Moneyball and the Law

Author: Debra Baker
March 14, 2012

The first of a five-part series.

By Debra Baker

Competition for a share of the legal services market has never been greater. Most firms struggle to identify how best to use limited marketing and business development time and dollars. Too often firms use subjective criteria when making decisions. They do what they’ve always done without measuring return on investment. They do what everyone else does because everyone else is doing it. Or, they do nothing, hoping their existing client base will be enough to get them through the future.

The reality is it won’t. The market has changed. Competition is increasing. Buyer expectations are greater. In the book and academy award-nominated film Moneyball, Oakland A’s General Manager Billy Beane applied objective measures to the business of baseball, focusing on statistics rather than “look and feel” to field his team. Author Michael Lewis observed:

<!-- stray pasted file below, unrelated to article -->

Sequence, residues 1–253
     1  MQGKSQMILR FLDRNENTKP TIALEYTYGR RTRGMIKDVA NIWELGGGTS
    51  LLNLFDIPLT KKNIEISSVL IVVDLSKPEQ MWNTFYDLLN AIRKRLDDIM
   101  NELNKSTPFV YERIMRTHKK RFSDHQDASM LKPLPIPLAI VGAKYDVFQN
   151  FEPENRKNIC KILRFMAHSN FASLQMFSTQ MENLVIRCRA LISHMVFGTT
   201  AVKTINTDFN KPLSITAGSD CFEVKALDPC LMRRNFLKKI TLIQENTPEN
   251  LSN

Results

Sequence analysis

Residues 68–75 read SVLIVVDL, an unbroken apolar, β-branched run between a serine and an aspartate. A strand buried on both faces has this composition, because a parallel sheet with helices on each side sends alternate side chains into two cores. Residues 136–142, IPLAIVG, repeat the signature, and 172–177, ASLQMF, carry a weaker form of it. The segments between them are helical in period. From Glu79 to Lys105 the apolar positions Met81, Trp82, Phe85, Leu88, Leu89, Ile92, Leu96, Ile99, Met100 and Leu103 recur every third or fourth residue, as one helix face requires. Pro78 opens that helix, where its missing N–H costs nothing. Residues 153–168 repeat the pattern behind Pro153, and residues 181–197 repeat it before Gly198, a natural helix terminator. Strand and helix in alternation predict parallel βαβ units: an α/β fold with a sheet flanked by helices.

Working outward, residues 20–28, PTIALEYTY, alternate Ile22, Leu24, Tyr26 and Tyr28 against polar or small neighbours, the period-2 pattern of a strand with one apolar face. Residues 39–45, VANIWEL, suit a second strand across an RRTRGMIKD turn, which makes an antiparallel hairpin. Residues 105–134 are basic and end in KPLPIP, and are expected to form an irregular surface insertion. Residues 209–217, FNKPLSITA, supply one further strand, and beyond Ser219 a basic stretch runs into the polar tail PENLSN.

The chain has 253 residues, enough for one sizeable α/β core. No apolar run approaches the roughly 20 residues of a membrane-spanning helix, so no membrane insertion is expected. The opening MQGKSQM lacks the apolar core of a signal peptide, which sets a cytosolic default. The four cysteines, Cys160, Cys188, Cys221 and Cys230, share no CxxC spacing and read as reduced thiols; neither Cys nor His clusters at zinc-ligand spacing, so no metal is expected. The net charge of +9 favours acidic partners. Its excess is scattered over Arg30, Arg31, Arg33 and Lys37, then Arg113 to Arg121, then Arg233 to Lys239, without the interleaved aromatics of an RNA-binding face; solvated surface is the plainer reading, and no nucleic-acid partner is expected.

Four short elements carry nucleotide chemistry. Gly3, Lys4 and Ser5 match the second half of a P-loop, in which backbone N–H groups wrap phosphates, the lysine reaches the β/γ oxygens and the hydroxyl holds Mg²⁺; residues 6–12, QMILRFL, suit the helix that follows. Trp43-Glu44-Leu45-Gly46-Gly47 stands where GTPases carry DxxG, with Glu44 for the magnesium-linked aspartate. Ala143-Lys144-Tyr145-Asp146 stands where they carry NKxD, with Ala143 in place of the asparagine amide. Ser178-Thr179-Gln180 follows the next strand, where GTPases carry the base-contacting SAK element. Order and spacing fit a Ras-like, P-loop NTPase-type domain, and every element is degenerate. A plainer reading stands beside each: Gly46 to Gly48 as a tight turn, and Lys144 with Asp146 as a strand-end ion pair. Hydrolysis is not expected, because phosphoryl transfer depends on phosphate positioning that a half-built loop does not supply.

If gross miscalculations of a person’s value could occur on a baseball field, before a live audience of 30,000, and a television audiences of millions more, what did that say about the measure of performance in other lines of work?

Legal Vertical Strategies is taking a page from Moneyball to help law firms use objective data to develop strategic growth plans, focusing on three aspects of the market that impact how law firms win new business:

  • Overall demand for legal services
  • How purchasers of legal services make decisions on who to hire
  • The law firm competitive landscape

These external insights – demand, decision-making, and competitive landscape – combined with an analysis of internal insights related to attorney expertise, existing client base, industry knowledge and current market position provide an objective framework around which law firms can plan for future growth.

I’ll be discussing each of these three areas and presenting a framework firms can use to analyze the data in the contact of their own strategic growth in future posts.

 

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